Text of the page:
Around 300km from Perth, the rocky stunner of Wave Rock is not far from Hippo's Yawn, another quirky rock feature that looks like a hippopotamus is opening his large jaws.

Hippo's Yawn is not far from Wave Rock.

If you visit in springtime, you'll be rewarded with vistas of native wildflowers.

More info: Tourism Western Australia

Hippo's Yarn trail

Termite mounds, Northern Territory and Queensland

OK, so these aren't your average rock formation. These are more like dirt mounds held together with termite spit and dung to create rocky formations that jut to more than 5m in height.

Littered across Australia's Top End, these mounds are carefully crafted on a north-south axis for maximum solar absorption, warmth and humidity to keep the critters moist in the hot, dry climate. That's why these mounds are sometimes called "magnetic termite mounds" (though it's unlikely you can stick a fridge magnet to them).

To create the mounds, the termites chew grass stalks and store them around the outer chambers of the mound, foraging from underground and displacing the sediment on the ground. As the mound begins to grow, the termites fill the outer chambers with soil.

Litchfield National Park has other beautiful formations to take in if you want to see the magnetic compass termite mounds.

The Litchfield National Park in the Northern Territory has some of the best examples, where you can also take in ancient waterfalls and impressive rock ruins called The Lost City.

More info: Northern Territory Litchfield National Park

Cape York termite mound facts

Calcified Forest, King Island, Tasmania

You can hear the roaring forties winds in this video, adding to the stark and desolate beauty of these weirdly shaped limestone features. Photo by Andrew Bain.

What happens when land that was once forest faces rising sea levels? You get a calcified forest revealing stony remnants of trees long made extinct.

Found on Tasmania's King Island, these formations happened after calcium carbonate formed around the roots of trees which had later all died, with the surrounding sand eroded by wind around 7,000 years ago to reveal the root casts.

Stop to ponder the geological history and the strangely desolate shapes on this half-hour walk, which is one of Tasmania's 60 great short walks.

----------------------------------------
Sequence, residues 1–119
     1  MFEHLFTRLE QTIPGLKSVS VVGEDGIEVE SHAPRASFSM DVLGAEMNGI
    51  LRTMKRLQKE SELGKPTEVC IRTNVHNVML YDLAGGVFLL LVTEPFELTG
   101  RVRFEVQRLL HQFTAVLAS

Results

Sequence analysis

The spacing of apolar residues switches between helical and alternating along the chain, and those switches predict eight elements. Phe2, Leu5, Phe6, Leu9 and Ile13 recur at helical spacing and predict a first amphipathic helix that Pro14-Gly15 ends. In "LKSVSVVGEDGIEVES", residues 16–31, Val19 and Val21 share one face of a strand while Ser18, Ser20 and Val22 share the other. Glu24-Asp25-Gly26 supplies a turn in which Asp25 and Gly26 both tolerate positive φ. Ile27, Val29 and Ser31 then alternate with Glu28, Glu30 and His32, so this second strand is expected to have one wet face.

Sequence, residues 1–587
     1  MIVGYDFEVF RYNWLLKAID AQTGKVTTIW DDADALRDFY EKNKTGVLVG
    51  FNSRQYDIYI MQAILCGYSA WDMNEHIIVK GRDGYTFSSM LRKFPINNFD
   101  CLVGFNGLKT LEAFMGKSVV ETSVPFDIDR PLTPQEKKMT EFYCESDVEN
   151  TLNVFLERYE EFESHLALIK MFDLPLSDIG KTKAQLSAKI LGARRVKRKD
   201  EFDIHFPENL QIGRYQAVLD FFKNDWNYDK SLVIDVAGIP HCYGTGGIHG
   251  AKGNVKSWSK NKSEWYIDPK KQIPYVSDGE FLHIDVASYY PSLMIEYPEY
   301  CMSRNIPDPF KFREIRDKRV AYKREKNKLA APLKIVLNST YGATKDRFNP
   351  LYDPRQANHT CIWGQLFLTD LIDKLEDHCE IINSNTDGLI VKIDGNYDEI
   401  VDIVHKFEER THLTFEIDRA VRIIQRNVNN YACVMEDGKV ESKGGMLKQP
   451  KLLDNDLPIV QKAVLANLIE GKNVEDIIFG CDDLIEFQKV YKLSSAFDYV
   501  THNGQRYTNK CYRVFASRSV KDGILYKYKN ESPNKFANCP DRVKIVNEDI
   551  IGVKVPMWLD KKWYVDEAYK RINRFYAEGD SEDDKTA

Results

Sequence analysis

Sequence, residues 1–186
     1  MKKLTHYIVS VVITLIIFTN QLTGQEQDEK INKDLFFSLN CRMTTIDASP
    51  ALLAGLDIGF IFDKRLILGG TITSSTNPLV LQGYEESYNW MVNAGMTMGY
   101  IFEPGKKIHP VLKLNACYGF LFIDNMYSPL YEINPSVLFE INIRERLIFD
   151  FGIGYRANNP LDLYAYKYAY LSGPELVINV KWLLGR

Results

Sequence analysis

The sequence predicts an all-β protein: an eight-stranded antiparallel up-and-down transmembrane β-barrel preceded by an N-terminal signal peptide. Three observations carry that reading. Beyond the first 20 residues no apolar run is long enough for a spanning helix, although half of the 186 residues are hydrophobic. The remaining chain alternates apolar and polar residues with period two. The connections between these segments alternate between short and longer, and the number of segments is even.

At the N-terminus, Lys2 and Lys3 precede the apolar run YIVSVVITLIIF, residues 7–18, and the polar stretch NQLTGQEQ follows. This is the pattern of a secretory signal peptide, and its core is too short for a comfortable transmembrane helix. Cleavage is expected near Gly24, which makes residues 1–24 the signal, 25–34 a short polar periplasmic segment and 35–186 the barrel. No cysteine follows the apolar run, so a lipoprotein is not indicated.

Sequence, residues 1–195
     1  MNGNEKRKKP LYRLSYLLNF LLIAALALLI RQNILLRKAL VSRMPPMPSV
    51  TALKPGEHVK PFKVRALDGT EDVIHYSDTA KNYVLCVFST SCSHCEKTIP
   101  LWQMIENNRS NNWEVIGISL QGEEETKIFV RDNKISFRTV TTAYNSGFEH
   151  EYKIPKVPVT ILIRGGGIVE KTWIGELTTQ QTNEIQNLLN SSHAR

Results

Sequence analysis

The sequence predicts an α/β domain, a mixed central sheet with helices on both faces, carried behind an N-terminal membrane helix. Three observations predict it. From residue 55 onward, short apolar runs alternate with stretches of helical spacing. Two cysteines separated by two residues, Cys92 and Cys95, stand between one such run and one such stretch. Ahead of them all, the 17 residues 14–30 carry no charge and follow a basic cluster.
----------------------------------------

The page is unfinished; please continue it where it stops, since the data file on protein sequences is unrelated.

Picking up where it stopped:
More info: Parks Tasmania

Pinnacles, Turquoise Coast, Western Australia

A 3-hour drive from Perth is this lunar landscape that's reminiscent of the calcified forest on King Island in Tasmania.

The Pinnacles formed from limestone-rich sand, ancient sea shells crushed into powder by the ocean and swept inland by wind and waves. Every time it rained, the water would cause some of the calcium carbonate to seep into the ground, hardening and slowly forming the Pinnacles. Bushfires and erosion caused the surrounding loose sand to blow away.

The Pinnacle Desert is located in the Nambung National Park in Western Australia, near the coastal town of Cervantes, around 2 hours drive from Perth.

More info: Visit Pinnacles Country

Bay of Fires, Tasmania

The bright lichen-covered granite boulders on Tasmania's east coast (and nearby islands) is dazzling when you see it at sunrise or sunset.

It's the vast sandy beaches and crystal blue waters that set off the fiery sight, which can be taken in across the Bay of Fires coastline for 50 kms from Binalong Bay in the south to Eddystone Point in the north.

Lichens are a combination of algae and fungus that live together in a symbiotic relationship. The algae provides food by photosynthesis, while the fungus provides a protected environment for the algae.

The area has a rich Indigenous history, too.

More info: East Coast Tasmania

Discover Tasmania

Admirals Arch, Kangaroo Island, South Australia

With a New Zealand fur seal colony below Admirals Arch, tourists can catch a dose of cute wildlife to add extra awe to seeing this sea cave rock formation.

The dark brown seals rest and breed on land (and tend to smell very fishy!). Summer is the primary breeding season, and the rock pools underneath  the arch are a popular place for seal pups to play.

Another unique thing about the arch is the stalactites which dangle from the rocky ceiling of this former cave.

The more famous Remarkable Rocks are also nearby, where you can witness stark granite boulders shaped by centuries of wild winds.

Remarkable Rocks is one of 27 geological monuments throughout Kangaroo Island.